The authors would like to thank Veronica Prado, Jordi Abadal and Rochelle Johnson for their inputs to prepare this blogpost.
The Caribbean is no stranger to external economic shocks and climate disasters. As small, open economies with limited economies of scale, weak institutions, high fiscal deficits, it hinders its ability to readily adapt and transform amid exogenous events. Therefore, resilience should be understood in its broader sense. Resilience is defined as the ability to anticipate, recover, adapt, and transform in the face of uncertainty.
Across Latin America and the Caribbean, the IDB is addressing these challenges and can draw important lessons from our projects particularly in The Bahamas, Suriname, and Nicaragua, where resilience factors the whole system. The benefits and lessons we are learning are paramount to achieve resiliency.
In September 2019, Hurricane Dorian decimated parts of The Bahamas with more than 50% of the energy infrastructure severely damaged costing US$200 million. Our assistance implemented a phased strategy of support, as the situation presented an opportunity to strategically address not only the reconstruction, but some of the structural barriers facing the power sector such as zero diversification in the energy mix, lack of user-friendly regulatory framework for renewable energy (RE), financial gap, and a limited local ecosystem.
What did we do and what are the lessons learned?
In the short term, keeping lights on was the priority. The IDB provided a contingent loan of US$100 million, of which US$16 million funded the energy needs such as emergency generators and immediate transmission and distribution (T&D) restoration to connect key facilities to the grid in The Bahamas. Additionally, we facilitated the first fuel hedge fund to secure an affordable crude oil coverage solution and protect the state utility’s finances against oil price movement and offer stable electricity tariffs over the next 18 months.
For the medium-long term, the focus was to tackle the diversification of the sector towards greater RE investments, including back-up systems that utilize solar PV panels and battery energy storage systems (BESS).
In collaboration with the Ministry of Finance, we established a US$170 million Conditional Credit Line for Investment Projects (CCLIP) to “build back better” across The Bahamas. The CCLIP involved the mass deployment of utility-scale and distributed solar generation (16.4MW), moving the needle on the RE target, hardening the T&D networks, and supporting the deployment of microgrids in Abaco and East Grand Bahama. Since resilience is more than just investments, we are also financing training and apprenticeships to support the ecosystem on RE, particularly defining roles for women and vulnerable communities in the rebuilding and diversification efforts.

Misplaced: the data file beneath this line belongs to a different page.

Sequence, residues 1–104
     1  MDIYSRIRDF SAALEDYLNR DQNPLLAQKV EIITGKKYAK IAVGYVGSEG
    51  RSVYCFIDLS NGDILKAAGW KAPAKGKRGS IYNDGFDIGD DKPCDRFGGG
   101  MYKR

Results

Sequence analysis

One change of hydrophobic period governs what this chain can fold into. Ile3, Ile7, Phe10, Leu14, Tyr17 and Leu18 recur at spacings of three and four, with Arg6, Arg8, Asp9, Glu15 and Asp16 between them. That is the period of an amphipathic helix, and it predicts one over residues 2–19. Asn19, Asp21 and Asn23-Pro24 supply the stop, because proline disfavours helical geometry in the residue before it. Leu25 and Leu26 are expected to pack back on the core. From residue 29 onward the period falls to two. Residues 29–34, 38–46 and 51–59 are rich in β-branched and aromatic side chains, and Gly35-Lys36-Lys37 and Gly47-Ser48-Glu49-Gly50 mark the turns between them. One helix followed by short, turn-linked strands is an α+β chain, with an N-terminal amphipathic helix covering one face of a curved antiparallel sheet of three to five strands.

As we began to identify RE projects, we immediately diagnosed that some of the projects were not bankable. The projects needed technical, procurement, environmental and climate risk, land acquisition, and legal interventions. These preparatory works were vital to the sustainability and survival of the projects but can be costly and lengthy.
Resiliency and renewable energy: IDB support
The Sustainable Energy Paths in the Caribbean publication states that investing in sustainable energy – RE, storage, energy efficiency (EE), natural gas, and resilient designs – could cost US$11 billion over the next 10 years but could yield US$16 billion in net benefits. Against this backdrop, we are in the process of establishing a Renewable Energy Facility in The Bahamas to leverage our concessional sovereign guaranteed financing to crowd in local and international private sector investors. For example, for the Hospital and Government complex in Marsh Harbour in Abaco, we are designing a 2.25MW solar PV microgrid with BESS of equal capacity and a 0.25MW solar PV microgrid with 2MW BESS at the Health Centre in Coppers Town. These battery systems can give up to 8 hours of independence from the grid for about 14,000 people in the area and keep lights on during natural disasters. The batteries will optimize the operation and economical dispatch existing diesel generators, which saves The Bahamas from importing expensive fuel and provide the grid with more flexibility and reliability for future integration of more variable renewable generation.
But, if we installed only the solar PV systems, it would cost US$ 3.7 million and the batteries have an additional cost of US$ 3.4 million, totalling US$7.1 million. For a country that recently battled with a Category 5 hurricane and now a pandemic, multilaterals like the IDB must support these resiliency interventions that bring multiple benefits and can also positively impact further RE integration in the near future.
Thus, we are partnering with donors like the European Union Caribbean Investment Facility (EUCIF) and working with stakeholders who are familiar with the terrain and electric systems like utility and non-governmental organizations such as Rocky Mountain Institute (RMI) to provide the necessary studies, coordination, and upfront analysis. The EUCIF would provide US$9 million (€8.2 million) in blending finance to support the rehabilitation and restoration of critical energy infrastructure and renewable-based electricity service in Abaco and New Providence.